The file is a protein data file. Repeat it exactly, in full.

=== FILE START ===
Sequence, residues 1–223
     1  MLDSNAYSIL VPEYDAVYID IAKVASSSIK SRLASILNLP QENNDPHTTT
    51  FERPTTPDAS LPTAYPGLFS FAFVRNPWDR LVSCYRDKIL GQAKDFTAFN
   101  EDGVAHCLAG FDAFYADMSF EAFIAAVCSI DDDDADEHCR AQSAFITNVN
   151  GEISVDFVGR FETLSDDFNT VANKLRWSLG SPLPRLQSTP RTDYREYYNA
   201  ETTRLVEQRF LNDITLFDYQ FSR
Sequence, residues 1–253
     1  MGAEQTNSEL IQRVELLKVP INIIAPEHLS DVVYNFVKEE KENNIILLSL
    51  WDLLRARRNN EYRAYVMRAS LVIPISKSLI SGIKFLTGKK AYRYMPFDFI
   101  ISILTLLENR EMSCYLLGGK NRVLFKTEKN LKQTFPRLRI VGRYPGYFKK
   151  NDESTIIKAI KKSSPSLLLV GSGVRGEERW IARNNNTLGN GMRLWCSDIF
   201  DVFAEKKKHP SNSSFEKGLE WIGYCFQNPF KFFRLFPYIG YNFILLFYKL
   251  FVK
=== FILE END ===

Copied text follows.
Sequence, residues 1–223
     1  MLDSNAYSIL VPEYDAVYID IAKVASSSIK SRLASILNLP QENNDPHTTT
    51  FERPTTPDAS LPTAYPGLFS FAFVRNPWDR LVSCYRDKIL GQAKDFTAFN
   101  EDGVAHCLAG FDAFYADMSF EAFIAAVCSI DDDDADEHCR AQSAFITNVN
   151  GEISVDFVGR FETLSDDFNT VANKLRWSLG SPLPRLQSTP RTDYREYYNA
   201  ETTRLVEQRF LNDITLFDYQ FSR
Sequence, residues 1–253
     1  MGAEQTNSEL IQRVELLKVP INIIAPEHLS DVVYNFVKEE KENNIILLSL
    51  WDLLRARRNN EYRAYVMRAS LVIPISKSLI SGIKFLTGKK AYRYMPFDFI
   101  ISILTLLENR EMSCYLLGGK NRVLFKTEKN LKQTFPRLRI VGRYPGYFKK
   151  NDESTIIKAI KKSSPSLLLV GSGVRGEERW IARNNNTLGN GMRLWCSDIF
   201  DVFAEKKKHP SNSSFEKGLE WIGYCFQNPF KFFRLFPYIG YNFILLFYKL
   251  FVK